THP tries new tactics to crack down on distracted driving - | Chattanooga News, Weather & Sports

THP tries new tactics to crack down on distracted driving

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CHATTANOOGA, TN (WRCB) - As students go back to school, it means more teens on the roads. But new dismal numbers show how dangerous that can be. Wrecks are the leading cause of death for 15-20 year olds in the U.S.

The latest study from the Governor's Highway Safety Association attributes distracted driving of all kinds -- not just texting -- to those statistics.

And with the Labor Day Weekend approaching, both the Georgia State Patrol (GSP) and Tennessee Highway Patrol (THP) are stepping up enforcement in a high-visibility campaign to help, among other things, combat distracted driving.

There's a statewide texting ban in effect in Tennessee. But the THP is looking not just for those typing away on their devices, but for all kinds of distracted driving.

"You can do so many other things while driving, you can read your Facebook page. It's not all about just texting -- it's distracted driving in general," said THP Lt. John Harmon.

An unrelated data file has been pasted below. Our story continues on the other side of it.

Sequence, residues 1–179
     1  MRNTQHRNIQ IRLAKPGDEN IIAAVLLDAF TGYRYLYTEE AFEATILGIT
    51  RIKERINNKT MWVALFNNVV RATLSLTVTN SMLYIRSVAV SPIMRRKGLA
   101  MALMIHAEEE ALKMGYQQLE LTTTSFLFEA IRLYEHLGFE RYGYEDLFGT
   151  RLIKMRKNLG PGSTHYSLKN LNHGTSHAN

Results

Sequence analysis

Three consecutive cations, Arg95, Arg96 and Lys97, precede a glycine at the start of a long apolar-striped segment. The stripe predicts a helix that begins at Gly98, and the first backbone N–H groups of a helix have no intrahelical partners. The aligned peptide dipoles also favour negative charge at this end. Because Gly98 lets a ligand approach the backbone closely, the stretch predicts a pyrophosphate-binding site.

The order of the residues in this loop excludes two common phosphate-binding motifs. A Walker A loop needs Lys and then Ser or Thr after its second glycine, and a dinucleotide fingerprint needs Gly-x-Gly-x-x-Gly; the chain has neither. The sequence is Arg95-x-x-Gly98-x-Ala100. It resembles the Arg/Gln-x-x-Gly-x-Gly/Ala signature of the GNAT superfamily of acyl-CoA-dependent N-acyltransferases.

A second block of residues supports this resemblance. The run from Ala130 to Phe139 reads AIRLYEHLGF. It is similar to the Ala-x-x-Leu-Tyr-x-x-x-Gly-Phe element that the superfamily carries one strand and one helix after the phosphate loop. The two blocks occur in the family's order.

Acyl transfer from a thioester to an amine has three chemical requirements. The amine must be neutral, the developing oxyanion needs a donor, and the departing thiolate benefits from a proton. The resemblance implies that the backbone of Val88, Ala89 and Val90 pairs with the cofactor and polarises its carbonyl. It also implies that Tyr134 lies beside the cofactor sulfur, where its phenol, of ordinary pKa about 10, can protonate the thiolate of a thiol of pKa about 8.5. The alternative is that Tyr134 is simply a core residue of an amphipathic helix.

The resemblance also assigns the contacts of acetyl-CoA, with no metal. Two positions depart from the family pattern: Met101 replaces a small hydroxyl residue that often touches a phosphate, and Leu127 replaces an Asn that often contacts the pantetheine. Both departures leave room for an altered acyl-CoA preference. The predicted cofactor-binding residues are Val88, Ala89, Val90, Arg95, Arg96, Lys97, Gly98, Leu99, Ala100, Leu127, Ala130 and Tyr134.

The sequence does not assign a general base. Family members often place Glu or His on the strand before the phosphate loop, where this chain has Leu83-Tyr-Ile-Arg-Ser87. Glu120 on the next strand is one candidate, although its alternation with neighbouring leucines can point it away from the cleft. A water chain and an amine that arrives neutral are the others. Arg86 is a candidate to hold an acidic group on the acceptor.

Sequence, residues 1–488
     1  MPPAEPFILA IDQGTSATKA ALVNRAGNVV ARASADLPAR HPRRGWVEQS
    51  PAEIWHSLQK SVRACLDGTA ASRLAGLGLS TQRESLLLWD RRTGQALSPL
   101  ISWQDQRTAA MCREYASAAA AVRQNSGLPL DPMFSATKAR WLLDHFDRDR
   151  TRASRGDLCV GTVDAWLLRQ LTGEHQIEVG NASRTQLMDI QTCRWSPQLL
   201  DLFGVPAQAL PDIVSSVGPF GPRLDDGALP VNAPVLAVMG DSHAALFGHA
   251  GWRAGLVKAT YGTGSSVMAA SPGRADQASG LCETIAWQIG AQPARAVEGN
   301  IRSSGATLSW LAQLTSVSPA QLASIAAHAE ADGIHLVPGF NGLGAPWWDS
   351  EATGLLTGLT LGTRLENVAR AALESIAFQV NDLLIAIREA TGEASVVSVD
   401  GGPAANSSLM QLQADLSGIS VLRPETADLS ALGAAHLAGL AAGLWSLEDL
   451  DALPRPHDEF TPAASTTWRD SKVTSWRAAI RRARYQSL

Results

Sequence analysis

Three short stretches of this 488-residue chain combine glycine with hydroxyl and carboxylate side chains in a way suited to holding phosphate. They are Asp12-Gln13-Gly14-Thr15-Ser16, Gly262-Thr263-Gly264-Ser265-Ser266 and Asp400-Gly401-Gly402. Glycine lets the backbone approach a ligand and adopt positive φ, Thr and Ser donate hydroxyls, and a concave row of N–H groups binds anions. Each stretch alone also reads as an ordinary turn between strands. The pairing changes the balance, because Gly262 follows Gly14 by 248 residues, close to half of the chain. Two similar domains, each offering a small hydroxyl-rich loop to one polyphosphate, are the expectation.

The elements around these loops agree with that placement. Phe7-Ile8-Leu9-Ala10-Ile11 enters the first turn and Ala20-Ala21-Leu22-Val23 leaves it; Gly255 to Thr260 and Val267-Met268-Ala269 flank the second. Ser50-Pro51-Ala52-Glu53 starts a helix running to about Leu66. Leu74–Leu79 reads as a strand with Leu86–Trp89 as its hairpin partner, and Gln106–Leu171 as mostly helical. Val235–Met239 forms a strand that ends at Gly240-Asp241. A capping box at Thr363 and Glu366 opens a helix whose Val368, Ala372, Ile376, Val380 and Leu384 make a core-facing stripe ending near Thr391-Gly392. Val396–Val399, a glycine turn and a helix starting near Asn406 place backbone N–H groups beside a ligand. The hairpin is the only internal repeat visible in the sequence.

Tennessee Highway Patrol Lt. John Harmon knows the visual cues of distracted driving: frequent head nods, staring or gazing downwards, and swerving in and out of lanes. But it's not just smartphones that are the problem and it doesn't only involve teens.

"I stopped a gentleman last Thursday on Highway 153 who was reading while driving," he said.

Harmon said this Labor Day Weekend, the THP will have a trooper driving a semi truck around a certain part of the state to get a good visual on distracted drivers. Another trooper in the passenger seat will radio a distracted driver's license plate number and vehicle make/model to a nearby patrol car.

"We've got these new SUVs that are a little higher profile vehicle that can see into the lower profile vehicles and see you better," he said.

Captain Joe Hamby with GSP said they will also use a similar watch-from-above tactic with larger SUVs. The goal, they say, is not to target teens but anyone they find to be driving while distracted.

Some schools in Tennessee are also welcoming a Jeopardy-like game show into their schools called "ThinkFast Interactive." The game combines the state's teen driving safety rules with pop-culture and trivia to educate teens about safe driving.
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